How to book an Airbnb
Browsing through potential Airbnb rentals doesn’t require you to input any information about yourself. But once you’re ready to make a reservation, you’ll need to sign up and create your Airbnb profile. Make sure to include photos of yourself and as much detail as possible. Your hosts want to avoid having lowlifes for house guests just as much as you don’t want lowlifes for hosts. Once you have your profile set up, there are two ways you can book a listing. Some hosts will allow you to “Instant Book,” and if so, there’ll just be a button that says “Book” with the listing. More commonly, the host will want to approve each guest first. If that’s the case, you’ll see a “Request to Book” button. Once you click it, your potential hosts will review your profile and let you know within 24 hours whether your stay is approved or not. You can also send your potential host a message through Airbnb before you book. Ask them any questions, like “Will breakfast be included?” or “Is their in-house laundry facilities?” Doing this will answer any remaining questions you need to be answered and test their responsiveness. The last thing you want when booking a last-minute trip is to be stuck waiting on an Airbnb host to respond.
After you book your stay, you can keep in touch with your host directly through Airbnb’s message system. Let them know when you’ll be arriving, and keep them updated if anything changes (remember, they’re real people, with schedules and plans of their own). It may be necessary to bring a few things in case your host doesn’t have them. The home should have essential kitchen items and bedding, but if you want wine, bring an opener (or check with the host first if there’s one available). It’s also a good idea to bring something to lock up your valuables and a gift for your Airbnb host if you’ll be spending time with them in their home. Once you arrive at your Airbnb, there are three different ways to “check-in” and gain access to your Airbnb, depending on what your host prefers. They might meet and greet you themselves, send someone else to meet you, or give you the code to a (self-check-in) smart-lock. Once you’re in, take a peek around the place and take note of any potential safety hazards. If there is a problem for some reason, try and resolve the issue with the host first. If that doesn’t work, make sure to notify Airbnb directly within 24 hours, and take photos to document anything that’s unsatisfactory. After 24 hours, you might not be able to get a refund.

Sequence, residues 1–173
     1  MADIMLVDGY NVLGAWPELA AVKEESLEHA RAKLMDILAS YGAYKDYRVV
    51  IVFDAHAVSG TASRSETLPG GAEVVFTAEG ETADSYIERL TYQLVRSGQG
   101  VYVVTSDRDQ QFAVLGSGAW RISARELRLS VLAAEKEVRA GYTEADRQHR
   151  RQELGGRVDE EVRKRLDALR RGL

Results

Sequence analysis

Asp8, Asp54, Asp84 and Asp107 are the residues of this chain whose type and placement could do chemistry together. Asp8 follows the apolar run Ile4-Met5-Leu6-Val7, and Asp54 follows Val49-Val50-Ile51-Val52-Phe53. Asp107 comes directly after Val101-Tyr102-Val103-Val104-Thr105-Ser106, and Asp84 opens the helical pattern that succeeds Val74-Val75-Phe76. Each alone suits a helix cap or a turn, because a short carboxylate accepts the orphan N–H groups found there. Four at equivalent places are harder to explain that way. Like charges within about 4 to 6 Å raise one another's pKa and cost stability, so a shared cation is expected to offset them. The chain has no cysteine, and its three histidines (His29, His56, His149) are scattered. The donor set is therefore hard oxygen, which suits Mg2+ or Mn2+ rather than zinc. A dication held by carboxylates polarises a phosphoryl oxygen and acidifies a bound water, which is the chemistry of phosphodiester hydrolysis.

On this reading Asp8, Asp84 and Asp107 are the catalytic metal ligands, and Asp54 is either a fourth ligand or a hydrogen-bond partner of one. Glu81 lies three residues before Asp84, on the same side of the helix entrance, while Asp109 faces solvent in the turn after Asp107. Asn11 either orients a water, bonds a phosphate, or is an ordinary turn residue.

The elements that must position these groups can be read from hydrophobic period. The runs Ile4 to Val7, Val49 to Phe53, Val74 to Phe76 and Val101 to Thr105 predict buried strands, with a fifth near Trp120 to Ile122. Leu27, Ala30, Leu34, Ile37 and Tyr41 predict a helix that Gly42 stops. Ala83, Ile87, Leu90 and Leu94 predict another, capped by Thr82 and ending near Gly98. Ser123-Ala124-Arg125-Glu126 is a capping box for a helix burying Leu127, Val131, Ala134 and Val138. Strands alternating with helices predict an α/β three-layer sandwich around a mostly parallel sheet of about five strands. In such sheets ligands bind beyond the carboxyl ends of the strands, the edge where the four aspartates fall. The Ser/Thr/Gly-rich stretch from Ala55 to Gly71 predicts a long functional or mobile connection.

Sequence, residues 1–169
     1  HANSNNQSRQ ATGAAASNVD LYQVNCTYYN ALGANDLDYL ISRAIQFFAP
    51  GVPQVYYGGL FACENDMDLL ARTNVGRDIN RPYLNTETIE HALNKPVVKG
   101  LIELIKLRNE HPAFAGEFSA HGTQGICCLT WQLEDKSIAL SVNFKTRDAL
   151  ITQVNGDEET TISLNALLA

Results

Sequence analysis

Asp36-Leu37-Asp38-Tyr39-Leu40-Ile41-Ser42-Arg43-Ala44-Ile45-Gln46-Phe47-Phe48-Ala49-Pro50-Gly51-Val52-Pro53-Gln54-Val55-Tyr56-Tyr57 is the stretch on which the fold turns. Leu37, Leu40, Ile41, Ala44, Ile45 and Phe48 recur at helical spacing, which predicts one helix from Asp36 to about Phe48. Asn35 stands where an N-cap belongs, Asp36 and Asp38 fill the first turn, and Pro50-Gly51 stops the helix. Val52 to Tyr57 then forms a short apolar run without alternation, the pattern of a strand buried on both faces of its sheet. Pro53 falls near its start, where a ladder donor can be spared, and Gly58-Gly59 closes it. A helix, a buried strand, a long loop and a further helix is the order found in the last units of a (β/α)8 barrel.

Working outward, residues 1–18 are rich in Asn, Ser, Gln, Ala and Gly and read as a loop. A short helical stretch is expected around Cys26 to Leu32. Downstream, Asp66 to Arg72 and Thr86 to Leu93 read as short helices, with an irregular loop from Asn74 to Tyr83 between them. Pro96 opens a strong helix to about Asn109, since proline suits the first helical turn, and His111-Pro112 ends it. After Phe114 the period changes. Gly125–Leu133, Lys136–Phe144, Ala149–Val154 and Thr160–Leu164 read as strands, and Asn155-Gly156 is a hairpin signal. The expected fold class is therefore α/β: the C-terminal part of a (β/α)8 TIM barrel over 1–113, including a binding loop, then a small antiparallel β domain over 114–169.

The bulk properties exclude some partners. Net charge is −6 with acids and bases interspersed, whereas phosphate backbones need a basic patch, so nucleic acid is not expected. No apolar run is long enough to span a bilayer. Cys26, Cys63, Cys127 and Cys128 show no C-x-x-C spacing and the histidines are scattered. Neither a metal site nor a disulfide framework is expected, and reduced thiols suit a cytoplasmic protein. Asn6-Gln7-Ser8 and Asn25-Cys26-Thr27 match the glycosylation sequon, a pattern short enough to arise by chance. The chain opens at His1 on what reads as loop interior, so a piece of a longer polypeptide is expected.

After you check out
Unfortunately, All good things must come to an end. When you’re ready to return home, Clean up. Come on, don’t be that guy. It doesn’t matter if you paid a cleaning fee, at least collect all your beer bottles and snack bags into the trash and make it look relatively clean. Always be respectful. let your host know and make plans to meet up with them to hand back keys or tie up any loose ends. And make sure to leave a review of your stay. Help the next traveler. Was it exactly as it was described? Was it is even better? Get yourself some good karma and leave a quick review. Did you really have an exceptional stay? I’ve heard of gracious Airbnb guests leaving a nice card or even a bottle of wine for their hosts. Be friendly, but also be truthful. Your fellow travelers will thank you.
Do you hear Airbnb horror stories? Of course. Do you hear about bad dates? Of course. Do people still date? Of course.